Sustainable Industry

Brazil is a world benchmark in the recycling of pesticide containers

Its model reverse logistics system achieves 94% reuse of containers used in the field

Brazil is a world leader in the recycling of pesticide containers. Nationally, 94% of the pesticide containers sold in the market are sent for recycling, and the remaining 6% are incinerated, providing an environmentally correct destination for 100% of the product. In 2021, 53.600 tons of empty containers were correctly disposed of.

“Over 60 countries currently have reverse logistics systems for pesticide containers. Brazil’s recycling rate is above 90%, thus making it a leader in this segment. Countries such as France, Canada and Germany recycle around 70%-80%. Japan and Australia’s rate is 50%, whereas the USA’s around 30%”, said the Director of the National Institute for the Processing of Empty Packaging (inpEV), João César Rando.

To achieve this result, in 1992 the industry started a voluntary reverse logistics system for the disposal of plastic containers, launching the Campo Limpo System (SCL).

“Back then, empty containers were left in the field, where they became a source of problems. No one knew what to do. Guidance included either digging ditches, covering them with plastic canvas, and burying the containers, or throwing the containers anywhere in the property, or reusing it incorrectly. That was an issue, so the industry realized that it had to seek a solution,” explained João Rando.

SCL is managed by inpEv and has more than 260 resale associations and cooperatives, serving around two million rural properties across the country. It has in place more than 400 units for collecting empty containers. In addition to plastic material, inpEV also receives and sends cardboard boxes and metallic packaging for recycling.

Complete cycle – Today, Law 9974/2000 establishes that the pesticide’s end-user must wash and return the empty container within a year, and those retailers include in the invoice the unit where the farmer will return it, in addition to arranging for its reception. inpEV organizes the logistics and disposes of the product in an environmentally correct manner. The institute has ten recycling partners and four incineration sites.

In addition to the proper disposal of the container, the institute also put in place a program for the proper disposal of pesticide leftovers. Since 2015, 400 tons have been properly disposed of.

“Leftovers result from farmers not using the product entirely or when it was out of specification. That too requires careful disposal. The system opened up this possibility for the farmer to return the leftovers to the system units, when he takes the empty containers for propoer disposal. That’s where we process it properly”, explained João.

New uses – Over 31 different types of products are made from the containers. They range from pipes of different sizes and for different uses, to the production of new pesticide containers, which the industry uses once more, thus closing the cycle of the circular economy.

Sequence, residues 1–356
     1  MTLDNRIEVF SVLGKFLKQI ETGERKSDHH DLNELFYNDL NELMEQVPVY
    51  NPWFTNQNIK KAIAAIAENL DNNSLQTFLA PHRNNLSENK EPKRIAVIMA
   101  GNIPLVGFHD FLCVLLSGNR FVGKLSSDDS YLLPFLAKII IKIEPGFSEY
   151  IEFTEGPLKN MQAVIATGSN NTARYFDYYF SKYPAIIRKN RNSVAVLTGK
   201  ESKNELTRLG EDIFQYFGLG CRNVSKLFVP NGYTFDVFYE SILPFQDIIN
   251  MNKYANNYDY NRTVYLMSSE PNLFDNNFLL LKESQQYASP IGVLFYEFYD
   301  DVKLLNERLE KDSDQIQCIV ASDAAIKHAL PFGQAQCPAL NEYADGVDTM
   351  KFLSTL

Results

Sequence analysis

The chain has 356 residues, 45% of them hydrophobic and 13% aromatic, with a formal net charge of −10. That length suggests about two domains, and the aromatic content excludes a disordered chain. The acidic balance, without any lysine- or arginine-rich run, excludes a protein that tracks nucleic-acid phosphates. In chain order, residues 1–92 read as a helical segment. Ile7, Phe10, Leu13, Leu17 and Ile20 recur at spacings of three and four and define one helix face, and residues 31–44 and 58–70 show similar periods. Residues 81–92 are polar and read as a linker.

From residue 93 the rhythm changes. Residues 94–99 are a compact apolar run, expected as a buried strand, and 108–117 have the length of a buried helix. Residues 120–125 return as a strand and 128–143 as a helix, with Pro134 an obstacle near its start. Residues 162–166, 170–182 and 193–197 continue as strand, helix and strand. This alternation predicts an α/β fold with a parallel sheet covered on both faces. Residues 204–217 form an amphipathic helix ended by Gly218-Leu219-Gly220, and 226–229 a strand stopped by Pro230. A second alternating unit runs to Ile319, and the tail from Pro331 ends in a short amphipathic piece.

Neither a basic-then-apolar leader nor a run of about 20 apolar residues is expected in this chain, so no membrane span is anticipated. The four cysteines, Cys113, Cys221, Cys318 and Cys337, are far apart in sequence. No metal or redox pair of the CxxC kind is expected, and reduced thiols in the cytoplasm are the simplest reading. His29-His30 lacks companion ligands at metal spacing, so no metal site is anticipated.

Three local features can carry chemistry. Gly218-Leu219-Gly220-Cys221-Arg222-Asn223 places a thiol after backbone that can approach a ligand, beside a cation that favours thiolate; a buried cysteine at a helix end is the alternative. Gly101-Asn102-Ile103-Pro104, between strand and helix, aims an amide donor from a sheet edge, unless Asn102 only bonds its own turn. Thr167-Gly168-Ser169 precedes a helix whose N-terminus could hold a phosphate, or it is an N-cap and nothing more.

Plastibras, for example, uses these containers to manufacture corrugated ducts, which are used on a large scale in infrastructure works in electricity, telecommunications, and commercial and residential buildings applications.

“Not long ago, these containers were buried, burned, or disposed of outdoors, causing serious damage to the environment. Today they are reused, creating employment opportunities and income, in addition to serving as raw material for the production of various products,” says the company Director, Adilson Valera Ruiz.

Social and Environmental Education – In 2009, inpEV created the Campo Limpo Environmental Education Program (EAD) with the objective of educating and raising the population’s environmental awareness. “Taking advantage of the high capillarity of the System, the Institute saw the opportunity to go beyond raising awareness among farmers and prepared itself to reach other audiences, especially children and young people who live close to the disposal units,” stated João Rando. Since its creation, the Program has had an impact on 2.1 million 4th and 5th grade Elementary School students.

In 2021, the program took on a hybrid format, distributing pedagogical kits for classroom of remote education use. It also launched a distance education course on Environmental Education: pedagogical theory and practice in solid waste management, aimed at educators from all over Brazil, not just teachers from schools participating in the program.

The initiative reached, in 2021 alone, 195,300 students from 2,105 schools and 244 municipalities. The program’s launch webinar had over 72 thousand views and its website had a 101% increase in the number of visitors.